The Harvard Shareholder Rights Program (HSRP) has spent the last few years pushing back against board staggering, where directors are given multi-year terms so that they don’t all go up for re-election at the same time (the Senate, for example, follows a similar system). The ‘Harvard Proposal,’ developed by the project, has been used in more than 100 campaigns against large US companies by shareholders trying to force boards to de-stagger, and the HSRP is credited with pushing the public debate steadily against staggered (or classified) boards.
But according to Stanford professor of law and business Joseph Grundfest and SEC commissioner Daniel Gallagher, the ‘Harvard Proposal’ is illegal because it misleads shareholders.
“The Harvard Proposal’s failure accurately to describe the current state of the academic literature can be characterized as a material omission that violates Rule 14a-9,” they write in Did Harvard Violate Federal Securities Law? The Campaign Against Classified Boards of Directors. “Companies should therefore be able to exclude the Harvard Proposal from the corporate proxy either by seeking no-action relief or through motions for declaratory judgment […] The SEC could bring enforcement proceedings against Harvard University alleging violations of Rule 14a-9. Private party plaintiffs should also be able to prevail in 14a-9 actions against Harvard.”
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Five studies that Harvard Shareholder Rights Program isn’t talking about
Since staggered boards are mostly a tool used to ward off hostile takeovers (if only a third of the board is up for election each year, the hostile takeover would take two years to complete, making it far more costly), the arguments for and against them are the same ones you hear in most discussions of shareholder activism or poison pills. But Grundfest and Gallagher aren’t saying that HSRP’s stance on staggered boards is wrong, but that the HSRP is mischaracterizing the existing literature.
The ‘Harvard Proposal’ used to initiate a shareholder vote on de-staggering cites research showing that staggered boards are associated with lower firm valuations, lower gains to shareholders, more value destroying acquisitions, and more issues with executive compensation. They mention one study that shows a correlation between staggered boards and higher takeover premiums, but it also found a correlation with lower firm valuation.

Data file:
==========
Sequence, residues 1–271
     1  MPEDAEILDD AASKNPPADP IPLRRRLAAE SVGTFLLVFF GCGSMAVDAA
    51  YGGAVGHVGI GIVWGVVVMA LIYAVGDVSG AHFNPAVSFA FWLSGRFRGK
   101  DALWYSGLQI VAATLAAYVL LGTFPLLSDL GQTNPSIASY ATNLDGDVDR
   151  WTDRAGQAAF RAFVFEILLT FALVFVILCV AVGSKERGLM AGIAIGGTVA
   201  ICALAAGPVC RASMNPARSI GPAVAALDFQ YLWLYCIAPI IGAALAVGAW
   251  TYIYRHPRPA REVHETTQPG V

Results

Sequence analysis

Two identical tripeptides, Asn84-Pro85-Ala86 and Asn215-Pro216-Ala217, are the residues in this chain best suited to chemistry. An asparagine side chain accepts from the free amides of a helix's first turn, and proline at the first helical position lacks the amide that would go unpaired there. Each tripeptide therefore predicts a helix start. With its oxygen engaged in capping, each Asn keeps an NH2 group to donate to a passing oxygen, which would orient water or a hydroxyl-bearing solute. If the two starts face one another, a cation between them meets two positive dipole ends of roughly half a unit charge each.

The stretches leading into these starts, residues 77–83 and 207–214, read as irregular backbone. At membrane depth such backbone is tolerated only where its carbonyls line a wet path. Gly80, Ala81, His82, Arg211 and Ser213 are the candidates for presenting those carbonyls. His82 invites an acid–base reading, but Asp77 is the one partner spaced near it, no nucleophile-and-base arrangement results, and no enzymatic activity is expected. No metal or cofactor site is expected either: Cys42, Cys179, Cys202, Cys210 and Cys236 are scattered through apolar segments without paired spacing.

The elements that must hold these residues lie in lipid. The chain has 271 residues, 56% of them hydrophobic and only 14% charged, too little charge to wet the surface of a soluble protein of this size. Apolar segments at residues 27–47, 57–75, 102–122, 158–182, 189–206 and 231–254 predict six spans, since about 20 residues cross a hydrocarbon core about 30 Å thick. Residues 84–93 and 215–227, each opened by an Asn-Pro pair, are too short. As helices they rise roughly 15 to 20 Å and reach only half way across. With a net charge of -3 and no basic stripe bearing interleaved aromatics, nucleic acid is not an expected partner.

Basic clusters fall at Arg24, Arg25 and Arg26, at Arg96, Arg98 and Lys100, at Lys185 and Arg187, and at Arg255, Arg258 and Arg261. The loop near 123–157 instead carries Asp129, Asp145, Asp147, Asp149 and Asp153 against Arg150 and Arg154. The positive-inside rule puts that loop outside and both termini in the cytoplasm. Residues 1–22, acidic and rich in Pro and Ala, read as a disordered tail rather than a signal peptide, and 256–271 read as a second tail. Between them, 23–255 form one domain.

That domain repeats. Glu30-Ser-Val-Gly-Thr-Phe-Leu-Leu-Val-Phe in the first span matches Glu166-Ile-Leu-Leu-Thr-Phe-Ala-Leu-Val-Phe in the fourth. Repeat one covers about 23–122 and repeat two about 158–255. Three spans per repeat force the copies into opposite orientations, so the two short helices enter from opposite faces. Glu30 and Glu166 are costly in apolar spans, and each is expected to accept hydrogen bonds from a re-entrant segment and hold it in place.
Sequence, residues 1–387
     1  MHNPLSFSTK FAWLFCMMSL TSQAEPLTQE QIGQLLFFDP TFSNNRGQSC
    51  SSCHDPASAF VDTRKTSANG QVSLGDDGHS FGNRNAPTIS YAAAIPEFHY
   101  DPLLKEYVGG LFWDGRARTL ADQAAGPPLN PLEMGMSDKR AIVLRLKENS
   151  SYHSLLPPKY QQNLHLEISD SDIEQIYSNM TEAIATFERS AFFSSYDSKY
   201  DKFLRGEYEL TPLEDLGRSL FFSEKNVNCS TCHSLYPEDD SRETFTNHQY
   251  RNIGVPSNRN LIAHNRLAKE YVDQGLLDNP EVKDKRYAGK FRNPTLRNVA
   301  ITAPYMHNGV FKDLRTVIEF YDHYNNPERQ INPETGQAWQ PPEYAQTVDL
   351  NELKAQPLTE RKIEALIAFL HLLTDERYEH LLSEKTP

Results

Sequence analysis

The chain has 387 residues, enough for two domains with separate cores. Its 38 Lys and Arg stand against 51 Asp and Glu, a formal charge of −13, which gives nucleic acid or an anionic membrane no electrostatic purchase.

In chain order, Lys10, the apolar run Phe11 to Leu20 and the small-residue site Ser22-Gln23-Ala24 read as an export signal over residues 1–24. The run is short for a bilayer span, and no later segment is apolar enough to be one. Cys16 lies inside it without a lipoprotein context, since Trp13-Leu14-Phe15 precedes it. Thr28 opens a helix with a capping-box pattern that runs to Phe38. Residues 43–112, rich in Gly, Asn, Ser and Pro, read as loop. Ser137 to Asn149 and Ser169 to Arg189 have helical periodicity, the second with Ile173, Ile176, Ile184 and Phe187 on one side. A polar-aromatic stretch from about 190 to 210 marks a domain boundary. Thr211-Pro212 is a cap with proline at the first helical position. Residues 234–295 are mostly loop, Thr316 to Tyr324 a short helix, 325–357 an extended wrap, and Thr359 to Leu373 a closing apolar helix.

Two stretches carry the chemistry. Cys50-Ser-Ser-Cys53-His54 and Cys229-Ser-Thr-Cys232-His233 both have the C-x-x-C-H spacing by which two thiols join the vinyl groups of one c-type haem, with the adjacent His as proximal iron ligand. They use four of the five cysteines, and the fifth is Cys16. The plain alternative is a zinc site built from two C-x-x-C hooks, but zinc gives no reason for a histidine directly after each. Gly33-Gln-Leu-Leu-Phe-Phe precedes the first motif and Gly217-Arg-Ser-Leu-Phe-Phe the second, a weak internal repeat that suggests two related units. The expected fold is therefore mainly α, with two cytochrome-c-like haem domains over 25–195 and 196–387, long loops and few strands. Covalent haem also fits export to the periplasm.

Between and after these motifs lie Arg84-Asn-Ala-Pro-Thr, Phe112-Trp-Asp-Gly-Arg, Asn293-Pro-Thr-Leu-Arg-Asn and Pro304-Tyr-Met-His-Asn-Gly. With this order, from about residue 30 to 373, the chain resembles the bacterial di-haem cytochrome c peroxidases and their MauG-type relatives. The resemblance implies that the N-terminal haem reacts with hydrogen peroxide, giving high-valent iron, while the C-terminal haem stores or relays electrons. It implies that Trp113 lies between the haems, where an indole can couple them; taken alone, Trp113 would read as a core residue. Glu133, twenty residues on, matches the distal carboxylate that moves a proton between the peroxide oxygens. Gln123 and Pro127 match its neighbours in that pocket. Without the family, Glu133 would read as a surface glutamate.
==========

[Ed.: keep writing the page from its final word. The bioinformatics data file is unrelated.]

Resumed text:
Grundfest and Gallagher point to five contrarian studies that they call “unambiguously forceful in their challenge.”
Older studies that find staggered boards correlate to lower firm valuations compare cross-sections of companies, but the first three studies that Grundfest and Gallagher mention look at time-series instead. Put another way, they don’t compare two different companies with different board structures, they compare the same company before and after changing its board structure, and all three find that staggered boards actually boost firm valuation. These papers argue that firms with low valuations are more likely to have staggered boards because they are more likely to take defensive measures against hostile takeovers, but once in place those defensive measures allow the board to take a longer view and build value.
The other two studies found that under some conditions staggered boards were correlated with higher firm values. One found that companies with lower visibility tended to benefit from classified boards, while the performance of high visibility firms (like those that trade on the S&P 500) were hurt. The other study found that companies with relational capital, such as a vital trade relationship with a single large client, benefited from staggered boards because it offered more stability to these important outside stakeholders.
Gallagher not speaking for the SEC
Harvard Shareholder Rights Program could probably update the Harvard Proposal with some additional references (though it has to observe a strict 500-word limit), but that’s probably not going to happen. If Grundfest and Gallagher are correct then companies facing a potential vote to de-stagger should be able to get the SEC to exclude the proposal, but that doesn’t seem to be happening. They say the SEC’s general approach is to let the company respond in its own proxy statement, citing whatever research it wishes.
It’s strange to read an academic paper co-written by an SEC commissioner (in his personal capacity), saying that the SEC could take action against HSRP for material omissions. If anyone is in the position to take action against Harvard Shareholder Rights Program it’s Gallagher, and to see his name on an academic paper instead makes you think that he has made any headway convincing his fellow commissioners to take action.
See full PDF here.